To make her point, the member of Afrograffitteiras, a group working to empower black women, on one recent afternoon painted graffiti exhorting: “Viva! You, Woman!” on a wall in a Rio suburb.

Along with rejecting physical violence, the female artists say they also want to shine a light on psychological abuse, unequal access to education and health care, and less pay for women doing the same job as men. 

Lya Alves, who recently painted a mural of a black woman on a wall in Rio’s renovated port area, says feminism has lost much of its meaning since the 1970s, when women fought against being considered sexual objects.

“Nowadays the media promotes” the sexual objectification of women, she said. “Is that helping to obtain a better education, a better salary?”

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Nike to Launch High-tech Hijab for Female Muslim Athletes

Nike will launch a hijab for female Muslim athletes early next year, becoming the first major sports apparel maker to offer a traditional Islamic head scarf designed specifically for competition, the company said on Wednesday.

The head covering, marketed under the “Pro Hijab” brand, is designed to allow athletes to observe the traditional Islamic practice of covering the head without compromising performance.

Made from a lightweight, flexible material, the hijab is expected to hit stores shelves in early 2018, Nike said in a statement.

In recent years, the hijab has become the most visible symbol of Islamic culture in the United States and Europe. Many Muslim women cover their heads in public with the hijab as a sign of modesty, but some critics see it as a sign of female oppression.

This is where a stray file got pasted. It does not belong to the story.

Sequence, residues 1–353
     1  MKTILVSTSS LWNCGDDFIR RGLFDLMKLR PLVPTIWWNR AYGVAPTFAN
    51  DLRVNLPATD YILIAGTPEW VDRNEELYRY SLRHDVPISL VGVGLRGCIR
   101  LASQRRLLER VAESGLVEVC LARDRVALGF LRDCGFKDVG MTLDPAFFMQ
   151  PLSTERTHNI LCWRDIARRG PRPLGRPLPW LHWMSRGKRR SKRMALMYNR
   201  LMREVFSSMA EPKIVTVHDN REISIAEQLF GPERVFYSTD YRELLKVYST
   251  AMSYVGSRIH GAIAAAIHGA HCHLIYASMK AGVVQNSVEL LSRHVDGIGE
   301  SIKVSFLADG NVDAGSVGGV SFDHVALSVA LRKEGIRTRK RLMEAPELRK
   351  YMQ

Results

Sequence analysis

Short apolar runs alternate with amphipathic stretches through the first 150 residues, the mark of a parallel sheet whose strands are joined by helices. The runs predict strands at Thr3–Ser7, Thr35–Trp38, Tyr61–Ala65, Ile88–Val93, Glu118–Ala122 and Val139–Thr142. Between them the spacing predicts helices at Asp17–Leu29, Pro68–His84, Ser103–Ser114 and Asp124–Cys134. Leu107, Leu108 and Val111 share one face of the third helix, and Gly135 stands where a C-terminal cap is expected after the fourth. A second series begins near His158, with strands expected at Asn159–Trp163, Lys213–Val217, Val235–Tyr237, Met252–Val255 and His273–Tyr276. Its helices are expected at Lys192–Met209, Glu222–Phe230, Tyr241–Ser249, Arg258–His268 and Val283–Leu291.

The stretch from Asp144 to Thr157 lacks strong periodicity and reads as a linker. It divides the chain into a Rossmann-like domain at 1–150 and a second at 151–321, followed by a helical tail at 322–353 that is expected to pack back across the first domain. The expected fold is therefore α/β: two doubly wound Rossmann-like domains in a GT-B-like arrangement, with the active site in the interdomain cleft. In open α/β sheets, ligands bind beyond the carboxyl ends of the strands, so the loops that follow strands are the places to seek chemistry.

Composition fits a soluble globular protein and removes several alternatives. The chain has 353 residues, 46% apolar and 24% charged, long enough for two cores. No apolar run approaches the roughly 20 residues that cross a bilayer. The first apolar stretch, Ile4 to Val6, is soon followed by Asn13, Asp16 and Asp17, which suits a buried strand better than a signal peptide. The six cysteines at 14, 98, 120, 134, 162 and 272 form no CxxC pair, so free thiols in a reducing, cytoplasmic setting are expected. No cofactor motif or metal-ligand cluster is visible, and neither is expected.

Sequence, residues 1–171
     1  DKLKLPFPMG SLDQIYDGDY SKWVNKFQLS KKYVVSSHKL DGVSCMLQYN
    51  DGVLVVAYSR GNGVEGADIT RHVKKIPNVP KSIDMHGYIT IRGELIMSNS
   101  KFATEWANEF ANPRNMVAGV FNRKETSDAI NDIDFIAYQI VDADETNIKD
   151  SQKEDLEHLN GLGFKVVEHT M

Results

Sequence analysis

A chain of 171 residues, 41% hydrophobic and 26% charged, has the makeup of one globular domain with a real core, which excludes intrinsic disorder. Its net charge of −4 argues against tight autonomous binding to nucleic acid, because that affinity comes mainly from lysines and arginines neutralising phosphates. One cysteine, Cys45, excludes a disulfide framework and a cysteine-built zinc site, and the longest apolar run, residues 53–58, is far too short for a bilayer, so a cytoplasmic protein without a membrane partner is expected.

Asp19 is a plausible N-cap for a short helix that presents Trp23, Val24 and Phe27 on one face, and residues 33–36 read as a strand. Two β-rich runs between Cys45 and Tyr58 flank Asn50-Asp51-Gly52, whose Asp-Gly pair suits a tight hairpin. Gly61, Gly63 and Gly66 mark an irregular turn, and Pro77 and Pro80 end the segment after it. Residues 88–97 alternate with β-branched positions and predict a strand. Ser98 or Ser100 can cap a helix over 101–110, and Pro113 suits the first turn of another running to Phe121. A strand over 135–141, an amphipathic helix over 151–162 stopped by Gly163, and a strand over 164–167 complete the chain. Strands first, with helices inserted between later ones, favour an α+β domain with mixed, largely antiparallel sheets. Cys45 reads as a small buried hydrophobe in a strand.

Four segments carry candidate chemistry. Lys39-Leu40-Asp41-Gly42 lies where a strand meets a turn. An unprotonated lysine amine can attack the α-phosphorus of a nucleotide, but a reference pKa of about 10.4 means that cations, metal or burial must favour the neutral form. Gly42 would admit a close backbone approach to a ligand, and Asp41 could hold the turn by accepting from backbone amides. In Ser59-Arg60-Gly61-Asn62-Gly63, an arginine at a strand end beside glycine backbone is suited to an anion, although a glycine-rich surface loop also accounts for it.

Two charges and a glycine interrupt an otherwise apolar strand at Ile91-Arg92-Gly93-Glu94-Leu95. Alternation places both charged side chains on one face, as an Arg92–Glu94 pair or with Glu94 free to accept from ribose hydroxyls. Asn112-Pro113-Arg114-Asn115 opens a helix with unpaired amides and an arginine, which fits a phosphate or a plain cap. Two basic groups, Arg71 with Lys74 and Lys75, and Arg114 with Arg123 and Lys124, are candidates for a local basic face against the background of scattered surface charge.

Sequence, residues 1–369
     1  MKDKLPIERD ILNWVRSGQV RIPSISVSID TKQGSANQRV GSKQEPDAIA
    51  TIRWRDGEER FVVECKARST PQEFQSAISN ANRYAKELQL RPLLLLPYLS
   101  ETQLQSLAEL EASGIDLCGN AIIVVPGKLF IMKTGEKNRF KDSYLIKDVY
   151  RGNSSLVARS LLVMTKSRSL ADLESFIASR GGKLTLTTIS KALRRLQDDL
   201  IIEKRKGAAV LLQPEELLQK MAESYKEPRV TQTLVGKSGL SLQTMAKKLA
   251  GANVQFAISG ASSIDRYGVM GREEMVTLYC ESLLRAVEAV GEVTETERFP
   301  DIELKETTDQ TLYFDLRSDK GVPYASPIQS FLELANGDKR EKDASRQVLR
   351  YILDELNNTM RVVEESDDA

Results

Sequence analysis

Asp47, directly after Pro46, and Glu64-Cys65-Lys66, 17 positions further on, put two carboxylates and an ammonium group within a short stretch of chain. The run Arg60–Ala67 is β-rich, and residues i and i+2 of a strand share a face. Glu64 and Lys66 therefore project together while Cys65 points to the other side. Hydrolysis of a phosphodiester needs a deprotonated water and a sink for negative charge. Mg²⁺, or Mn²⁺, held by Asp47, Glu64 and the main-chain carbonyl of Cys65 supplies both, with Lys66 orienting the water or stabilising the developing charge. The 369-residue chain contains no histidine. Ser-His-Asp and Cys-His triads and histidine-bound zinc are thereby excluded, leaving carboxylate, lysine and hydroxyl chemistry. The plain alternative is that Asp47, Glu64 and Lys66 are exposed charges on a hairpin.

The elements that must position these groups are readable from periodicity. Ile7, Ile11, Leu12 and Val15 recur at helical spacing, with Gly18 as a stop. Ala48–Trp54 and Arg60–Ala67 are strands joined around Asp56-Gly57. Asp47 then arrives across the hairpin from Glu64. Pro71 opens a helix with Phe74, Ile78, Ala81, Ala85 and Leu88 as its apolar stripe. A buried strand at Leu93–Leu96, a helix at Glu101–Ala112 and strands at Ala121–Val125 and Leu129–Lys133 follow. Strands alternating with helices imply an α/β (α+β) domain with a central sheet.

With sensitivities over immigration and the perceived threat of Muslim extremism running high, the head scarf has led to attacks against Muslim women. At the same time, the hijab has evolved in a symbol of diversity that Nike has embraced.

The Women’s March on Washington, held the day after President Donald Trump’s inauguration, used the face of a woman wearing a hijab in an American flag pattern as its promotional image.

Muslim athletes visiting Nike’s headquarters in Beaverton, Oregon, just outside of Portland, have complained about the difficulties of wearing a hijab while competing, according to the company.

The company consulted with Muslim women athletes from around the world, including Middle Eastern runners and cyclists, in the designing the hijab.

Other companies have also set their sights on hijab sales to Muslim athletes.

Last year, Danish sportswear company Hummel unveiled a soccer jersey with an attached hijab for the Afghanistan national women’s soccer team.

Non-professional women Muslim athletes have used athletic hijabs made by smaller companies.

But Nike’s annual net sales in the billions and its reach in popular culture can do more to bring Muslim athletes into the fold, said Amna Al Haddad, a Nike sponsored weightlifter from the United Arab Emirates who consulted on “Pro Hijab.”

“[It will] encourage a whole new generation to pursue sports without feeling there is a limitation because of modesty or dress-code,” Haddad said.

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Nigeria’s Kaduna Rivals Lagos in Growing Hip-hop Culture

Lagos has long been known as Nigeria’s pop culture hub. It’s the home of Nigeria’s film industry, Nollywood, as well as many of the country’s top musicians and artists.

But a group of rappers and fashion designers is creating a scene of their own in Kaduna, in northern Nigeria, some 600 kilometers from Lagos. Kaduna’s is the new center of Nigeria’s growing hip-hop culture.

 

DJ Jakes Tudu is cranking out jams on his weekly radio show, playing the latest tunes from local rap artists.